Davos 2015: World needs new business model
The global economic system isn't working for six billion people, labour leaders at the World Economic Forum in Davos, have warned.
Mass unemployment, mistrust in institutions, rising inequality and extremism are global risks for working people, employers and leaders, maintained the International Trade Union Confederation (ITUC).
“The very nature of corporate incentives to invest in any equal distribution is being undermined by their own business model. It’s a two way street: business needs workers, and workers need fair-minded employers. At the moment, business is letting down its side of the deal,” said Sharan Burrow, general secretary of the ITUC.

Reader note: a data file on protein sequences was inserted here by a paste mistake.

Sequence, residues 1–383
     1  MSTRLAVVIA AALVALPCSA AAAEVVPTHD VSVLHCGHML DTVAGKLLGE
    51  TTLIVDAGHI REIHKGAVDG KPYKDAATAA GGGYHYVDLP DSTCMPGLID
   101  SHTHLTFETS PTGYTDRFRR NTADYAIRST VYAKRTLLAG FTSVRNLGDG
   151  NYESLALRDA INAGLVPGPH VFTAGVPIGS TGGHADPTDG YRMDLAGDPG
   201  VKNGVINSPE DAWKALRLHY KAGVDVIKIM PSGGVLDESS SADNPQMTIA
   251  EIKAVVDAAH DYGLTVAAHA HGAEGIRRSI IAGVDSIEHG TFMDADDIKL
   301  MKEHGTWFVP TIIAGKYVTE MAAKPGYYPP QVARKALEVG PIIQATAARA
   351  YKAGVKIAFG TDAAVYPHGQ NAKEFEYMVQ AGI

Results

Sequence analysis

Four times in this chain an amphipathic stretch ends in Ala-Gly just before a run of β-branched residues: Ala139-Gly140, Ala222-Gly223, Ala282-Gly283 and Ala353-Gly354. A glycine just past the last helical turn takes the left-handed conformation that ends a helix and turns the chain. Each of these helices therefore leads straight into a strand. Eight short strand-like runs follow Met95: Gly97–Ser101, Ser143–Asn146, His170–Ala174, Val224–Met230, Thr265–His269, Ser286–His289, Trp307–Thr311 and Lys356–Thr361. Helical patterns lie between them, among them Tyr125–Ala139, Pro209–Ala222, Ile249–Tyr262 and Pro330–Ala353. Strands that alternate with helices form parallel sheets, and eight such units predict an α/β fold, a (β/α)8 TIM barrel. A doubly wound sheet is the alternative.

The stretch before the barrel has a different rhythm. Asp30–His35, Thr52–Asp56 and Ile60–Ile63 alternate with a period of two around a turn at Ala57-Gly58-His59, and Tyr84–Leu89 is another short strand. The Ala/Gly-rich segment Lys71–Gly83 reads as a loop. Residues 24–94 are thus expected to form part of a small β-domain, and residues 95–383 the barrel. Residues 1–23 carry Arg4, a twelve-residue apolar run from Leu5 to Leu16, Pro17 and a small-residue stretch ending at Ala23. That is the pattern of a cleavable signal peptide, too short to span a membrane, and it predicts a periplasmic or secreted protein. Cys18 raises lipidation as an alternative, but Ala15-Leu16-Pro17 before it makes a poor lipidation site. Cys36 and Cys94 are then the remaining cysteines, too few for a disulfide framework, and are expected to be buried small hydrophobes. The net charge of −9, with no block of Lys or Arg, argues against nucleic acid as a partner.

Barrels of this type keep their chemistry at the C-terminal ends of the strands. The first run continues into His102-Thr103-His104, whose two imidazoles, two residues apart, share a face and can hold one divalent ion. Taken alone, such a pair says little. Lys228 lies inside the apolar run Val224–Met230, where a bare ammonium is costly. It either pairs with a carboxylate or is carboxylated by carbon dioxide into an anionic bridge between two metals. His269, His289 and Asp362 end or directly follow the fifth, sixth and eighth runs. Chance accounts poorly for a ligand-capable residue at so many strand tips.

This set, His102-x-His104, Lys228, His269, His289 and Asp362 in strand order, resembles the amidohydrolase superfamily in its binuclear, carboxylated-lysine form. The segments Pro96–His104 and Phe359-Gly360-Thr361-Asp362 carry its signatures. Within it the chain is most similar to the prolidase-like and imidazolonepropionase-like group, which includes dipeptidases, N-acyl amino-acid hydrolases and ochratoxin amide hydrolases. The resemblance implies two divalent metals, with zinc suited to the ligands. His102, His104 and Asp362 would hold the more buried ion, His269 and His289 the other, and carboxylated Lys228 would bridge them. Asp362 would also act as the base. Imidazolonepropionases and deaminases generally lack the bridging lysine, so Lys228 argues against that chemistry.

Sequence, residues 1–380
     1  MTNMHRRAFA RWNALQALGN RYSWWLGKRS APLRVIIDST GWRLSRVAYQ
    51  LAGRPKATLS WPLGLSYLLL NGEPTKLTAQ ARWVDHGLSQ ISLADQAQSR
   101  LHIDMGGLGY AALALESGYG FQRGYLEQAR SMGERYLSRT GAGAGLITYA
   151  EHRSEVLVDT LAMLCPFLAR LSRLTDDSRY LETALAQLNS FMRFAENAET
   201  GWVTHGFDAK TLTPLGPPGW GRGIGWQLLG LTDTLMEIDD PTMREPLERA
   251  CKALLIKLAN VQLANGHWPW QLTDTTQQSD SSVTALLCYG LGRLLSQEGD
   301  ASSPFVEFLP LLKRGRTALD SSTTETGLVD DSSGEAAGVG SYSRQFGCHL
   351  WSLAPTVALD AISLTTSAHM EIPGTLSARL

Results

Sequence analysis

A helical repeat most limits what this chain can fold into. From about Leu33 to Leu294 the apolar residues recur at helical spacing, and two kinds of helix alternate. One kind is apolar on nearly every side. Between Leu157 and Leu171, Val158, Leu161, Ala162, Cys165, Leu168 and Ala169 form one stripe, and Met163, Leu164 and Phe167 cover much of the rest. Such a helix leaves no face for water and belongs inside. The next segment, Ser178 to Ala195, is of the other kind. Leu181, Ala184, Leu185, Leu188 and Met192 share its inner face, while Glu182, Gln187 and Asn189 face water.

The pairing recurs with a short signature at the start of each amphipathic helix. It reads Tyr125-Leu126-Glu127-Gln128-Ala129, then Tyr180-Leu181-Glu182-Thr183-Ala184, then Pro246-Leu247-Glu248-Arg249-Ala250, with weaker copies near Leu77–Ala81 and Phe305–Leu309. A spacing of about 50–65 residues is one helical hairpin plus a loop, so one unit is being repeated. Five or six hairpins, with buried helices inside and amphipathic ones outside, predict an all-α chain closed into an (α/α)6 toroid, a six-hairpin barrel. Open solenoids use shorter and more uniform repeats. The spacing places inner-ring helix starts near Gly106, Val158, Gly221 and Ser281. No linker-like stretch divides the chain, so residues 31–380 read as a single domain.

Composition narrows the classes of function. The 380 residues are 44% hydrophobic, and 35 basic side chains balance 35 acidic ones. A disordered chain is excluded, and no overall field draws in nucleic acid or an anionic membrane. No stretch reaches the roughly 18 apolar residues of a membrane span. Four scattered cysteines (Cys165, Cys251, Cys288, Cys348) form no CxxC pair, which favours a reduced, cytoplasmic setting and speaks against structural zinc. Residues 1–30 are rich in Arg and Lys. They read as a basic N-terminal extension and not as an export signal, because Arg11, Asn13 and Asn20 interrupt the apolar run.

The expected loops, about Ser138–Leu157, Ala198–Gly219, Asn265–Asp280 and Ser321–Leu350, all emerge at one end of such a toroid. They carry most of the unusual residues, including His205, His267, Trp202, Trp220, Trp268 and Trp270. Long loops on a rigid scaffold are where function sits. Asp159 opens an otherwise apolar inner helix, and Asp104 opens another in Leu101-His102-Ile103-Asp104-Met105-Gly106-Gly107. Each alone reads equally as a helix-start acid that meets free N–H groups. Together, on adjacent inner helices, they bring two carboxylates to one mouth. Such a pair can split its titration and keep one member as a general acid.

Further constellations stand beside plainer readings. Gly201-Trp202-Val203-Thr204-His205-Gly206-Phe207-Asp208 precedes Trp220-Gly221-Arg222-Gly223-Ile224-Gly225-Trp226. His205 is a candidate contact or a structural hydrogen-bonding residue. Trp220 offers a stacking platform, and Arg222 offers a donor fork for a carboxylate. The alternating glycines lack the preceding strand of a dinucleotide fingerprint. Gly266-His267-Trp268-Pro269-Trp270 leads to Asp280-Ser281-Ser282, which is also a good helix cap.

John Evans, general secretary of the OECD Trade Union Advisory Committee (TUAC), who is also ITUC Chief Economist, commented: “A central aspect of ‘inclusive growth’ must be reducing income inequality and reversing the decline in the share of wages in output and income.”
Since the 1980s, real wages have failed to grow at the same rate as productivity, and as a result the wage share has drastically fallen. The global wage share has declined from 62% to 54% according to the UN.
“Raising wages and reducing inequality together with public investment are key elements of a recovery plan. Government and business leaders have in their hands the tools to make a measurable difference to the lives of working people. Thirty-three million jobs could be created in G20 countries alone, with co-ordinated increases and investments in infrastructure.
“A minimum wage on which people can live, strengthening collective bargaining, curbing the excesses of CEO pay and respecting ILO standards in global supply chains are actions that leaders can put in place," Evans added.
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